More than 600,000 women die due to childbirth or pregnancy related complications around the world annually. Nigeria is solely responsible for close to 10% of that figure. Africa has the highest maternal mortality ratio with an estimated average of 800 deaths per every 100,000 births. The estimated average maternal mortality rate in Nigeria, however, is 1,000 for every 100,000 births (2), but this figure varies according to regions of the country. Maternal mortality is much higher in the North Eastern region of Nigeria, accounting for 75% of the country’s maternal deaths (3), compared to the South East and South West regions (4).
The United States Agency for International Development (USAID) indicates that most of the victims of maternal deaths are women between the ages of 15 and 45. After India, Nigeria has the second highest maternal death rate in the world - 52,000 Nigerian women die every year (5). Unsafe practices of childbirth cause on average the death of 144 Nigerian women (6). This means that every 10 minutes one Nigerian woman dies due to childbirth and pregnancy related causes (7). This CAI brief discusses the causes of and Governmental responses to Nigeria’s high maternal mortality rate and argues that it is a clear reflection of women citizens’ national status.
What causes high maternal mortality rates in Nigeria?
Some of the common causes of maternal mortality include: haemorrhaging; infection; eclampsia; obstructed birth (8); bleeding; hypertension (9); unsafe abortions; malaria infection during pregnancy; HELLP syndrome (10); and female genital mutilation and cutting (FGM/C) (11). Two of the major causes, namely FGM/C and the medical condition known as eclampsia, will be discussed here.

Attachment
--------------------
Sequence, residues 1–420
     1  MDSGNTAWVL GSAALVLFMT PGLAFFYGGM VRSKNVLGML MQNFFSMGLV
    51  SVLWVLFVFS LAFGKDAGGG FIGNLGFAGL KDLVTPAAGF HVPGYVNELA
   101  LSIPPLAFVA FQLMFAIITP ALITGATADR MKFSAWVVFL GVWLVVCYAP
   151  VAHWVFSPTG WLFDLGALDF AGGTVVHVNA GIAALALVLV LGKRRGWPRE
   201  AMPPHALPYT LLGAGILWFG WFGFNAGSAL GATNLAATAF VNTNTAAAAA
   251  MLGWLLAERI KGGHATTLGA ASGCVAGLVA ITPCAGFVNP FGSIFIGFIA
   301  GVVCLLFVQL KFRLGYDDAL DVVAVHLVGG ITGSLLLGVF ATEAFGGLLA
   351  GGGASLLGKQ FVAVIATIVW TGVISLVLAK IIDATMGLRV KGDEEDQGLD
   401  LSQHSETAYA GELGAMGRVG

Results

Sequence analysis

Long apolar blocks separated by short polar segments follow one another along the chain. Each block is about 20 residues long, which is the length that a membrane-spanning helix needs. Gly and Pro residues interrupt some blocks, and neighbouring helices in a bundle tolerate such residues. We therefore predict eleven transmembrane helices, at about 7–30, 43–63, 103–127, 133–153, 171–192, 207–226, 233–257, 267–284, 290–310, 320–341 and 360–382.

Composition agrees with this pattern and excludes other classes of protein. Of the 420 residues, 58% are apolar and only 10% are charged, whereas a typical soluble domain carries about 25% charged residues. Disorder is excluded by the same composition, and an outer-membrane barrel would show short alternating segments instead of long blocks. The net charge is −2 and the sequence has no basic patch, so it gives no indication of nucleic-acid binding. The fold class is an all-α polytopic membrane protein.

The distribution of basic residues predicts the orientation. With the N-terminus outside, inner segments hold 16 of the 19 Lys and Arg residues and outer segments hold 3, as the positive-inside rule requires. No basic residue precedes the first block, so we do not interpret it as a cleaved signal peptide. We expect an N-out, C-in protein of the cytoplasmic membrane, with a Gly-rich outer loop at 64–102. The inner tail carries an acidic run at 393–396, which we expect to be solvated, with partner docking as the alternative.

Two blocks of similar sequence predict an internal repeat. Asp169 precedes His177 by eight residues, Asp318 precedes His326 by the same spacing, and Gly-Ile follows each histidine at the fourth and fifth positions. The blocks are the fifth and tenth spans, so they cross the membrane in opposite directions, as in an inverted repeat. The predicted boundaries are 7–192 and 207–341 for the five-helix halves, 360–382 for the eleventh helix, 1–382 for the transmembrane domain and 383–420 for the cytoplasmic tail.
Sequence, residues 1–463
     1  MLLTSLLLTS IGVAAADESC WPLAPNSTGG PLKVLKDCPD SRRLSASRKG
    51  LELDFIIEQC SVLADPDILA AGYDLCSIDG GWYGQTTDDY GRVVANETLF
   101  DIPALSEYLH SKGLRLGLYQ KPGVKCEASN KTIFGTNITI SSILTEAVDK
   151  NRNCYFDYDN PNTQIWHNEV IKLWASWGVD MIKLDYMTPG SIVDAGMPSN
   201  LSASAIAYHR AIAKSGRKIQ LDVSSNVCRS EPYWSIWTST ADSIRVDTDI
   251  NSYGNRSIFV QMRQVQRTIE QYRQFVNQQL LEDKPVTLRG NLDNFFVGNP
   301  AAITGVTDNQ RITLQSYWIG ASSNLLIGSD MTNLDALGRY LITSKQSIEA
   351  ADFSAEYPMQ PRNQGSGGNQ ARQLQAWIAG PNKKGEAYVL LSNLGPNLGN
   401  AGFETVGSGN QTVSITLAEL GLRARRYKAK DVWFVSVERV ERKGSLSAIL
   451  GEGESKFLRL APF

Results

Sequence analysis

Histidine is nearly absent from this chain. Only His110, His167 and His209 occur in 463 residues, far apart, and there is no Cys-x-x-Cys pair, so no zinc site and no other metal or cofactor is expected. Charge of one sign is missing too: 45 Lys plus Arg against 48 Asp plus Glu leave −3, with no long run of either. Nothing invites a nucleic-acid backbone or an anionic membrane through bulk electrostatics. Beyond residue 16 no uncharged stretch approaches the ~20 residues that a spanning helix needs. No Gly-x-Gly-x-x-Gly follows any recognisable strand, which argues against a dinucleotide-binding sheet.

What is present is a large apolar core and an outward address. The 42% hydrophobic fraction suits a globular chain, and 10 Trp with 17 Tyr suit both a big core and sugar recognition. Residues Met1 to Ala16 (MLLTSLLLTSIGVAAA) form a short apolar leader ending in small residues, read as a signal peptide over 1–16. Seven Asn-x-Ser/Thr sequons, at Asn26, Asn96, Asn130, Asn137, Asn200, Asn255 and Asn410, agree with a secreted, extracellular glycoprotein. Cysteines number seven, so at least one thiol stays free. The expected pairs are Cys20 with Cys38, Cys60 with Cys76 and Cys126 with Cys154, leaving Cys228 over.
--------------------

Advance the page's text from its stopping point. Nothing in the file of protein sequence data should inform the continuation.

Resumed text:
Globally, approximately 120 million women and girls have fallen victim to FGM/C. FGM/C is commonly performed on girls between the ages of 4 and 12, however in certain cultures it may be performed on girls just after birth or prior to marriage. In Nigeria, FGM/C is still practiced for reasons including tradition, religion, the belief that it is more hygienic for women, the maintenance of virginity, morality, as well as a better chance to get married. Mothers force their daughters to undergo the procedure to safeguard them from being banished and disgraced from their community. FGM/C is more prevalent in Nigeria’s urban areas (12) and the alterations to female genitalia during the process often interfere with the process of giving birth. FGM/C drastically reduces the birth canal’s normal functions and women who have undergone the procedure can die from the severe bleeding and infections caused by the tears that result from giving birth. According to Nigerian midwife, Chief Muratu Adebayo, women who have undergone the procedure have greater difficulties during labour compared to women who have not (13). FGM/C’s interference with the female reproductive organs is a major contributor to the country’s high maternal mortality rate.
Eclampsia is the most common cause of maternal mortality in Northern Nigeria, while haemorrhage and unsafe abortions are the most common causes of maternal mortality in South Nigeria. Eclampsia is characterised by convulsions that appear in a person with high blood pressure and protein in their urine, and is regarded as an acute life threatening complication of pregnancy. It may appear prior to, during or shortly after labour. If eclampsia appears following labour in Northern Nigeria, it is often treated with certain harmful traditional practices such as “hot bath” or swallowing of Kunun Kanwa, which is salt from a lake and very rich in sodium (14). Women who suffer from this condition have epileptiform convulsions, headaches, nausea, abdominal pain, vaginal bleeding, liver and kidney failure. Due to the lack of or low levels of education in rural regions of Nigeria, pregnant women who display the symptoms of eclampasia are often believed to be possessed by evil spirits. The ill women are usually put in the care of a traditional healer, which delays their access to medical treatment and often causes death (15).
The Nigerian Government’s limited efforts to stop FGM/C, the fact that it leaves so many people uneducated about healthcare for pregnant women, and the lack of modern, accessible medical services for women everywhere, shows that women’s health and therefore women as citizens and indeed mothers of the nation, do not rank very high on the list of national concerns.
Take healthcare to mothers’ homes